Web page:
Knowing nothing of this arrangement with Imro, Evelína is delighted by her husband's new position and greedily speculates on the money and jewellery that she is convinced that Mrs. Lautmannová must have tucked away. Mrs. Lautmannová, meanwhile, is under the impression that Tóno has come to the shop to work as her assistant, a role Tóno fulfils by repairing Mrs. Lautmannová's crumbling furniture and helping to serve customers when business become unexpectedly frantic. All the while he keep up the pretence to his wife that the weekly payments he collects are the profits from shop sales and that he has only kept Mrs. Lautmannová on to help him out during this period of transition. This amusingly peaks when – in what has since become a rather well-worn gag – Evelína unexpectedly pops her head around the shop door when trade is at its busiest, and the hapless Tóno starts barking orders at the half-deaf Mrs. Lautmannová to create the false impression that he is in charge.
So much of this is played with a cheerfully comic edge that it's easy to forget just how history has told us that fate will intervene. Co-directors Ján Kadár and Elmar Klos get considerable mileage from Mrs. Lautmannová's smiling inability to comprehend the reality of her situation and Tóno's befuddled frustration at not being able to make himself understood without ever coming close to overplaying either. The film is classically shot and briskly paced (in the way that a film like Casablanca could be said to be likewise), and has a real knack for bonding us to characters just a short while after they appear on screen. It certainly proves easy to connect with initially henpecked Tóno, as he resolvedly shrugs off his wife's constant criticism, throws surly looks at his blowhard brother-in-law, and quietly mocks the Führer in song during an improvised game of hopscotch on his way into town. It's thus easy to feel for his awkwardness when he arrives at the shop in the nearest thing he has to a decent suit ("I look like Charlie Chaplin"), even though it's an appointment that we'd all rather he didn't keep, a feeling that's amplified when we first meet the delightfully upbeat and sweetly eager-to-please woman whose shop he has been charged to take for his own. The performances really are crucial here. Jozef Kroner does a lovely line in grumpy cynicism that for me made Tóno instantly likeable ("Go to hell," he snaps at a neighbour who comments on his late-night drinking with Markus, adding, "and the same to you" to his wife when she won't stop brushing his suit jacket), while stage veteran Ida Kaminska avoids overplaying Mrs. Lautmannová's small eccentricities and creates a character so entrancing that it's easy to understand Tóno's reluctance to enforce his new authority on her, and why he ends up caring for her and wanting to protect her instead.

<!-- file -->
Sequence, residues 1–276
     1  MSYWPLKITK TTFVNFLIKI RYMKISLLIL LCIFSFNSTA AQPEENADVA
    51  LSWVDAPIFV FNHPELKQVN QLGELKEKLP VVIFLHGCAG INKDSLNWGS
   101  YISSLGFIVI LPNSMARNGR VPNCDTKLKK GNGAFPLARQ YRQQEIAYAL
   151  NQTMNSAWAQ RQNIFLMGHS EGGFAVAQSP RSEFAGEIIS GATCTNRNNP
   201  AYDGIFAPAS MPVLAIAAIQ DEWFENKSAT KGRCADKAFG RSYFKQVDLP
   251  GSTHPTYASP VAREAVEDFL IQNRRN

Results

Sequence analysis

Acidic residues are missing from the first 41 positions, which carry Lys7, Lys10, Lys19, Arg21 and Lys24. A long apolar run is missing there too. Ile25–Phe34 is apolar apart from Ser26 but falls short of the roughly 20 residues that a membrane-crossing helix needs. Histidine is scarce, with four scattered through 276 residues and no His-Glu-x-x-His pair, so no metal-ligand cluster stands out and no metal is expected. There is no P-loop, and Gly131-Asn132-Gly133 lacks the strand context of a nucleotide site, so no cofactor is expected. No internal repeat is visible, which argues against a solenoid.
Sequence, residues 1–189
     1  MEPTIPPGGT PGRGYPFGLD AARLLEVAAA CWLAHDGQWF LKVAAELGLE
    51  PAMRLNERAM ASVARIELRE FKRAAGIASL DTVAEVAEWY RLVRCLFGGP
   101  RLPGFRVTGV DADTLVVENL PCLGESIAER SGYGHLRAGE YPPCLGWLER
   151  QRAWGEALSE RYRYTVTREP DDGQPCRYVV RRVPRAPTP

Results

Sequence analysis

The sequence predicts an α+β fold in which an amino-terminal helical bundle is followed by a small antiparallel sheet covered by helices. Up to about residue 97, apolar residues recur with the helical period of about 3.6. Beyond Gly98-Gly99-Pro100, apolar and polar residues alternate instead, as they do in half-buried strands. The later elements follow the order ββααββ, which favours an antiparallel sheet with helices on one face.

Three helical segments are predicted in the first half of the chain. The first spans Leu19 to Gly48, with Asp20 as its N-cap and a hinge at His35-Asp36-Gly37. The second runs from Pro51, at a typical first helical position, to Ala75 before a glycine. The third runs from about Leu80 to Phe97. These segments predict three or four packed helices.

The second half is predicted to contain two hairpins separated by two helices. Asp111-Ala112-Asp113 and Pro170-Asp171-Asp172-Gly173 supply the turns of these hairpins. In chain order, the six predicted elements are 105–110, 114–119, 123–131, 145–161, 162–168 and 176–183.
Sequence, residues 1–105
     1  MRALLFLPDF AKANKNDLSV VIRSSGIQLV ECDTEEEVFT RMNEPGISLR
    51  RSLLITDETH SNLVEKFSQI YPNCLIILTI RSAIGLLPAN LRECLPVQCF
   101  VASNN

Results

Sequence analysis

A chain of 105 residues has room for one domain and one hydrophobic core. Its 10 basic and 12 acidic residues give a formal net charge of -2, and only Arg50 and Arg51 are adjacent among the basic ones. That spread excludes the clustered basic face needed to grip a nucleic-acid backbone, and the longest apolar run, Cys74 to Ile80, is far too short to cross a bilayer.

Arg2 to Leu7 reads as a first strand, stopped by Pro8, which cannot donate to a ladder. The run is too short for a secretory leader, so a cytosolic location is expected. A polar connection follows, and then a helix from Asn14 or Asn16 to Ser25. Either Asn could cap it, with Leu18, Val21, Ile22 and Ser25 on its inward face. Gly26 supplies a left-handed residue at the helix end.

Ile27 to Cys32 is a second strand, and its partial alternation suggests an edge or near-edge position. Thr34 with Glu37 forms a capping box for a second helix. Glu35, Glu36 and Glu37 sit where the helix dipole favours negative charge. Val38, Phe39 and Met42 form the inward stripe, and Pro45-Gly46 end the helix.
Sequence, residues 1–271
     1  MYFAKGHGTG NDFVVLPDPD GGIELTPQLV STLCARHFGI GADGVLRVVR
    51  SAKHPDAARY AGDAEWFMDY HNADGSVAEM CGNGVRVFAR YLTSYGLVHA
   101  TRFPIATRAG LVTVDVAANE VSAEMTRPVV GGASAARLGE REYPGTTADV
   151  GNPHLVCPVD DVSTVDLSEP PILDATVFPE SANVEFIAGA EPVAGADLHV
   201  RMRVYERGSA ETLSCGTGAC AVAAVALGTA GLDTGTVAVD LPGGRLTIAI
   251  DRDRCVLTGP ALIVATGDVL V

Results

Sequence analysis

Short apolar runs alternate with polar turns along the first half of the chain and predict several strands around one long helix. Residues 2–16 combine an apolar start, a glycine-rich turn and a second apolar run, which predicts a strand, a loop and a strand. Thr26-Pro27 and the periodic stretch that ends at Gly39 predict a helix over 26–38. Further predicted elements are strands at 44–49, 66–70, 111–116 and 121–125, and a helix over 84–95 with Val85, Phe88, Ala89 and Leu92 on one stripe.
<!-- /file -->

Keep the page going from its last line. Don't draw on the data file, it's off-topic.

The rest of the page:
The knock-on effect of this thoroughly engaging and often light-hearted approach is that you almost forget when and where the film is set and what the real-world consequences were for people like Mrs. Lautmannová, right up until the moment they come knocking at the door of every Jew in the town. We're given a few small reminders along the way, from Markus's cautionary warning to Tóno that "a Jew lover is worse than a regular Jew," to the wooden pyramid being constructed in the centre of town whose initial purpose is uncertain but is clearly a pet project for Markus and the Hlinka Guard. But when events take the dark turn that history tells us they inevitably will, the jolt is almost as severe for us as it is for Tóno, who spends the rest of the film wrestling with a moral quandary in which his desire to protect a woman his has come to care for comes into direct conflict with a self-centred panic over his own future safety.
The gravity of a situation that until then for Tóno has been almost a game – one whose rewards for him have proved to be more than financial – is brought home to him (and us) in one of the film's most quietly powerful scenes. As he pays a visit to Katz, town's amiable barber, he finds him packing his belongings away, a Star of David sewn on his jacket and written orders from Markus for his transportation in his hand. "I've been cutting hair here for forty years," he says sadly to Tóno. "Four long decades. Enough hair to fill a barn. Now they've branded me like cattle. Taken away my rights. Taken my property. All according to the law. And at the end, this." Tóno is bemused. "You're a wise man. How has this happened so suddenly?" he asks Katz, who tellingly replies, "I'm not wise and this is not sudden."
This is not sudden. It's a phrase that really stayed with me because it continues to resonate so many years after the event, in no small part because we don't seem able to learn from its terrible implications. Genocide is never the result of a snap decision by one twisted dictator, it grows from small but insidious beginnings, xenophobic ignorance and the scapegoating of economic or social problems onto minority racial or religious groups. And as a practice it appears to be on the rise again, as evidenced in the outpouring of racial hatred that followed Britain's decision to leave the European Union, and the xenophobic propaganda unleashed by tabloid newspapers and certain members of the Leave campaign in the lead-up to it, including a truly despicable poster based directly on Nazi anti-Jewish propaganda.